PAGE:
You can also talk to your colleagues about their teaching experiences: the types of assignments they use, lesson plans they have found particularly successful, challenges they have faced in the classroom and the like. As a new faculty member, you will understandably be less familiar with students at your campus than colleagues who have experience teaching there. Learning from them about what works well for students at your particular institution can be helpful as you plan courses and assignments. Talk to students, too! Don’t be afraid to solicit feedback from them as you are thinking through ideas for the classroom.

Protect your research and writing time. As a new faculty member, you may find a lot of well-meaning colleagues will ask you to take on service work or join committees, and some of those opportunities may sound quite interesting to you. Remember that you don’t have to say yes to everything -- even if it can feel difficult to say no.

If you are unsure of what a reasonable service load consists of, seek guidance from a mentor or your chairperson, and then choose the service opportunities that seem most meaningful or worthwhile to you. Don’t be afraid to turn down invitations by letting colleagues know that you’ve already committed to several service responsibilities and that you need to save some time for writing and research. After all, publishing is part of the job -- so it makes sense to be clear about your need to reserve some of your time to do that work.

Get comfortable talking to your department chair. This person will be your go-to resource for many of the questions and challenges that come up as you as navigate your first year. That said, it’s also a good idea to seek out and develop relationships with other mentors. If your department assigns you a formal mentor, make a point to keep in touch with them; if not, work on connecting with trusted senior colleagues whose mentorship you might be able to rely on as you acclimate to a new career.

When considering your publication goals and expectations, be mindful of the time it takes for projects to come to fruition. A journal article can spend years caught up in the publication process, from initial submission to revisions to acceptance to the time it finally exists in print. It may be helpful to take some time in your first year on the tenure track to write up a timeline of your publication goals over the next several years, even if this timeline is relatively vague as you start out. Remain mindful of the long game, even when you are bogged down in day-to-day tasks and responsibilities.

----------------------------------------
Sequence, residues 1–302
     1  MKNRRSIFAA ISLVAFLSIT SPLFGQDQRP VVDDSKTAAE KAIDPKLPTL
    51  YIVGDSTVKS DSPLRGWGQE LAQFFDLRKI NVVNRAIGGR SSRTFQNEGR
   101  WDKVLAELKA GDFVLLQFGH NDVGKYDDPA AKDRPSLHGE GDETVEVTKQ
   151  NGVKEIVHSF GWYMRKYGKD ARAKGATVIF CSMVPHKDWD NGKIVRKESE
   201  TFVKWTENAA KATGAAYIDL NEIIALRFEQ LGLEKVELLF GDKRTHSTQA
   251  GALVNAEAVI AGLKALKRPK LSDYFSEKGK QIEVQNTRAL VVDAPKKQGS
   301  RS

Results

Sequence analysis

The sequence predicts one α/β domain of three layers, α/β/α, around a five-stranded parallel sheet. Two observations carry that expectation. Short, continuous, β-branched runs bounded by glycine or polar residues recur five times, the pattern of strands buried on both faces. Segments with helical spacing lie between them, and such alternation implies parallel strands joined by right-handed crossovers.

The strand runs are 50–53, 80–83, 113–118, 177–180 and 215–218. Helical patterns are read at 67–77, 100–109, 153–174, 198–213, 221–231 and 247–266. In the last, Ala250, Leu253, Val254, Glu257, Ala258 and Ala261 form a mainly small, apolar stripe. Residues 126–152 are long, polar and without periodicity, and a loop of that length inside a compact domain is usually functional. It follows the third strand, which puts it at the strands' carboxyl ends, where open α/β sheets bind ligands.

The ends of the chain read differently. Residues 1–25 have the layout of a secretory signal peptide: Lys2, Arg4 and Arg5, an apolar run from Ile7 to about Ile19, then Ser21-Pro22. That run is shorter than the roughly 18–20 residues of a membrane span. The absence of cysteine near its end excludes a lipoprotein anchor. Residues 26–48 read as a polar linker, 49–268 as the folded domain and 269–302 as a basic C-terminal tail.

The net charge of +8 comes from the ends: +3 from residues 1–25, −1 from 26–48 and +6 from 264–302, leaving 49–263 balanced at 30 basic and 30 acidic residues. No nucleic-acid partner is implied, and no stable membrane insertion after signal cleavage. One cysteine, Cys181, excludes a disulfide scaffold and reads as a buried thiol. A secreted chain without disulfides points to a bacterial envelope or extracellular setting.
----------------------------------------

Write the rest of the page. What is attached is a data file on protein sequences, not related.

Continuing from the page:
Observe the leadership roles and opportunities that exist for tenure-track faculty in your department and at your institution. In the first year or two of a new position, it may make sense to keep a lower profile as you learn more about your new institutional home, but as you get closer to tenure, you may want to take on a leadership role in your department or college. What are those roles? What are the risks and rewards of such roles? Remaining observant and mindful of the types of opportunities that exist on your campus, even before you are ready to take on such positions, will help you begin to carve out a long-term plan.

Starting a tenure-track career can feel overwhelming, even for academics who already have a great deal of experience in teaching and publishing. Remember, above all, to take care of yourself and work on achieving a balance between your different work responsibilities and between your work and your personal life. If the above list of suggestions overwhelms you, focus on tackling one or two of these things in your first year and then move on to other things in your second year and beyond. And don’t be afraid to reach out and ask for help -- having a few trusted colleagues you can talk to can be a lifeline for those on the tenure track.